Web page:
Is CTR or ROI the Better Measure of a Successful New PPC Campaign?

Mar 27, 2014

To make sure that we’re talking the same language in this article, let’s start out with a few basic definitions.

    CTR or ROI to Measure PPC
  • Pay per click (PPC) – involves driving traffic to your offer by displaying a small ad that appears when your targeted keywords are searched for on a search engine or other digital medium; you pay only when someone actually clicks on your ad.
  • Click through rate (CTR) – is the percentage of visitors who are interested enough to click on your ad to obtain additional information; these prospects will usually be redirected to your landing page.
  • Return on investment (ROI) – is the value you receive for the amount of dollars you invest in a PPC campaign; usually this goal will be expressed in terms of revenue, but it could be based on other criteria such as adding subscribers to your mailing list or generating signups for a trial offer.
  • Conversion rate – refers to the percentage of visitors to your landing page who accept your offer, whether it calls for them to make an actual purchase or simply request a free quote.

Everything Starts With a Click Through

In many ways, PPC marketing is similar to direct selling. No salesperson worth their salt would ever dream of making a sales pitch to an unqualified prospect. Your PPC ad gives you the ability to turn search engine users into qualified prospects who are interested in hearing your story.

The more targeted your ad, the higher your CTR. The higher your CTR, the more qualified prospects you have to make your pitch to. And as any good salesperson can tell you, more qualified prospects means more opportunities to close sales.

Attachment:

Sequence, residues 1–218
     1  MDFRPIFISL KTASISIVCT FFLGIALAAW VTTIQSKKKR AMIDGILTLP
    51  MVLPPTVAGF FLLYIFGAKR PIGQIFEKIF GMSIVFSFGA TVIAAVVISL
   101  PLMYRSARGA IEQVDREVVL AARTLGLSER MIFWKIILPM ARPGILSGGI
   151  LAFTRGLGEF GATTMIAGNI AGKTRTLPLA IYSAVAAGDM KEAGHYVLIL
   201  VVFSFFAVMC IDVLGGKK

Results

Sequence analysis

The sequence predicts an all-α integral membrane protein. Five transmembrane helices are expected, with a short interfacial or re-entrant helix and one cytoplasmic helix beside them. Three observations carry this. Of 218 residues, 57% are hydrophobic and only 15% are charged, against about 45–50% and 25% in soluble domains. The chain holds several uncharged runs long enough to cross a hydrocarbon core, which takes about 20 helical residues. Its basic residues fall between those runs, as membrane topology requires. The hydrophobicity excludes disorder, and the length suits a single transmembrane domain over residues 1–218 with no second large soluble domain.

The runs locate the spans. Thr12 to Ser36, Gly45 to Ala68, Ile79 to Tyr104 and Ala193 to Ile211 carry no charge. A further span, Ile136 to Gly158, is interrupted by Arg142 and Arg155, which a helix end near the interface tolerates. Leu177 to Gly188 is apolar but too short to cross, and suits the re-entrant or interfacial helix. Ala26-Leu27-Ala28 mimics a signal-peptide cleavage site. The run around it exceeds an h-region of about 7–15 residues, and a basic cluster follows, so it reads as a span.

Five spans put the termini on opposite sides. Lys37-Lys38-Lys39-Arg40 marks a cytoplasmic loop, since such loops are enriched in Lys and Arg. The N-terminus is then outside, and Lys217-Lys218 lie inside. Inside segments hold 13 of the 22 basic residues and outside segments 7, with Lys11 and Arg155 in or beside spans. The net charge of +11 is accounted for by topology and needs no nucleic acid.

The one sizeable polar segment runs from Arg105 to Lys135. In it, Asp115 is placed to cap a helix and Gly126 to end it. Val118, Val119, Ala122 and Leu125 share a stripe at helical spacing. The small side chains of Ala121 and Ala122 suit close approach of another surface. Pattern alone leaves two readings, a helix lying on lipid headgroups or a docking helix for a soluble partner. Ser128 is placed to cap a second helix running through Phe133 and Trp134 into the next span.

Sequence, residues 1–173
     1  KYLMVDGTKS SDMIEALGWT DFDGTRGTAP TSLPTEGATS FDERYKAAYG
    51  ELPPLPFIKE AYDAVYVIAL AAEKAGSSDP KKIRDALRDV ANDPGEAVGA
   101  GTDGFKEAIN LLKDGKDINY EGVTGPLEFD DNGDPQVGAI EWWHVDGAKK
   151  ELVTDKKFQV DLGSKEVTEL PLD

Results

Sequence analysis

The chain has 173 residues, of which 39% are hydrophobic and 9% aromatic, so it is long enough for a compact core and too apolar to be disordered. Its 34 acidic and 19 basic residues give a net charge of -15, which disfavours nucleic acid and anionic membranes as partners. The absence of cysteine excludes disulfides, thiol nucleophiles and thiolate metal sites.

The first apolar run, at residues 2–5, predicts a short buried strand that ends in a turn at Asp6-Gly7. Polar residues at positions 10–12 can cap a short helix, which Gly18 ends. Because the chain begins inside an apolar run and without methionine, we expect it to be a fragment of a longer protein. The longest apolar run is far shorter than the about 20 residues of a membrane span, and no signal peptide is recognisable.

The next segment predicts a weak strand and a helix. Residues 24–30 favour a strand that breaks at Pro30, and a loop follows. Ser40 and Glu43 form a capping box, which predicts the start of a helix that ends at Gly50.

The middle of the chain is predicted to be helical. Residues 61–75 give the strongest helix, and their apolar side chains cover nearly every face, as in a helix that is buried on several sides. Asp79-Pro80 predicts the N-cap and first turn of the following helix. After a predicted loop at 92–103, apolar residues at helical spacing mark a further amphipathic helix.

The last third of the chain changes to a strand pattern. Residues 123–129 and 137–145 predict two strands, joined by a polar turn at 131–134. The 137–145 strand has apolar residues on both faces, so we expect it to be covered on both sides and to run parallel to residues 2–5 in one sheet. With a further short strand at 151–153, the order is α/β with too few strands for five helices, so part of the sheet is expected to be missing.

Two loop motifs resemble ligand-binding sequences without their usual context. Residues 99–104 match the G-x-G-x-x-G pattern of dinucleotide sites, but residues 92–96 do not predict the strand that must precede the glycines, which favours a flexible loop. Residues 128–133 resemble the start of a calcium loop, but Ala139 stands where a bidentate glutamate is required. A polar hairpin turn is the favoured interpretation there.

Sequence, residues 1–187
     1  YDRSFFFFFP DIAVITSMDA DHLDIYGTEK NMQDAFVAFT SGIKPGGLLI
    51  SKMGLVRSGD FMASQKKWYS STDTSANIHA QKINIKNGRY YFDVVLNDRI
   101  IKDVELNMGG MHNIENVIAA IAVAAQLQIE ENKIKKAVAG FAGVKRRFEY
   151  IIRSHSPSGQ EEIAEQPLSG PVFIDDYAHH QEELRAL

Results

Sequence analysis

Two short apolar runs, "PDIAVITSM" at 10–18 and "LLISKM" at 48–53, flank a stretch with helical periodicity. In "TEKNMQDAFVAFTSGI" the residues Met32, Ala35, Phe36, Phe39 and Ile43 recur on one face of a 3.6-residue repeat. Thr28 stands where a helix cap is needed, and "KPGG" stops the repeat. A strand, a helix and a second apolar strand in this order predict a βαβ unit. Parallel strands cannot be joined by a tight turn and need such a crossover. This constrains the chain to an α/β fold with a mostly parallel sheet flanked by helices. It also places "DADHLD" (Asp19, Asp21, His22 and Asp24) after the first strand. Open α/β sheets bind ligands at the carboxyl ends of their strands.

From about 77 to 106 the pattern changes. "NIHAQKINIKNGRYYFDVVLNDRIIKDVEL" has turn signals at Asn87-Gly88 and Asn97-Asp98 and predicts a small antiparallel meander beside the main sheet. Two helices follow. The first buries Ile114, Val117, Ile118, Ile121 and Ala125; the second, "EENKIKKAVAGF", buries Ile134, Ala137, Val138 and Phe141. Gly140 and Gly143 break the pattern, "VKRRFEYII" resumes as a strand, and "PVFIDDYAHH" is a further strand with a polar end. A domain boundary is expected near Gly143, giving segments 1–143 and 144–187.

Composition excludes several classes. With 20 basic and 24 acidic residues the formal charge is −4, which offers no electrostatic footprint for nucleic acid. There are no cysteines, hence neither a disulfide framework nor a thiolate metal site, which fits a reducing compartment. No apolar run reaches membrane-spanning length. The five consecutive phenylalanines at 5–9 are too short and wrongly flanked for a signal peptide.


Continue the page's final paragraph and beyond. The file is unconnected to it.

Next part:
Any PPC campaign, especially a new one, should focus on CTR when measuring success. While sales revenue is absolutely vital to keeping your doors open, there are many factors influencing sales success, or ROI, that no PPC campaign can or should be expected to address.

  • Is the market for your product over-saturated with competitive offerings?
  • Is your market growing or is it in decline?
  • Is your product competitive in terms of quality and price?
  • Is your company’s online reputation helping or hindering your marketing efforts?

How to Improve Your CTR

  • Improved CTR begins with your ad. Your action keyword needs to match the keyword that searchers are looking for. Your focus should be on buyer keywords wherever possible; these are keywords that give a strong indication of an inclination to make a purchase. “Fix my leak now” is a much stronger buyer keyword than “plumbers in Portland.”
  • Your ad copy should tell searchers exactly what to expect when they click on your ad, as well as what they will be expected to do once they arrive at your landing page offer. To go back to the previous plumbing example, instead of weak ad copy like “Quality Plumbers – For All of Your Residential Plumbing Needs – Call 000-0000” consider the effectiveness of copy that reads “Get Help With That Leak Now – Call Quality Plumbers for Fast 24-Hour Emergency Service at 000-0000.”

A Few Thoughts About Improving Your ROI

  • You can improve your conversion rate with a landing page that delivers on the expectations of your PPC ad. Deliver on the one promise of your ad and no more. A confused mind rarely buys.
  • Limit the amount of hoops you require your prospects to jump through. You’ll get a better response by simply asking for an email address rather than asking for name, mailing address, phone number, household income, and so on.
  • Are you ready to get started with your own PPC campaign?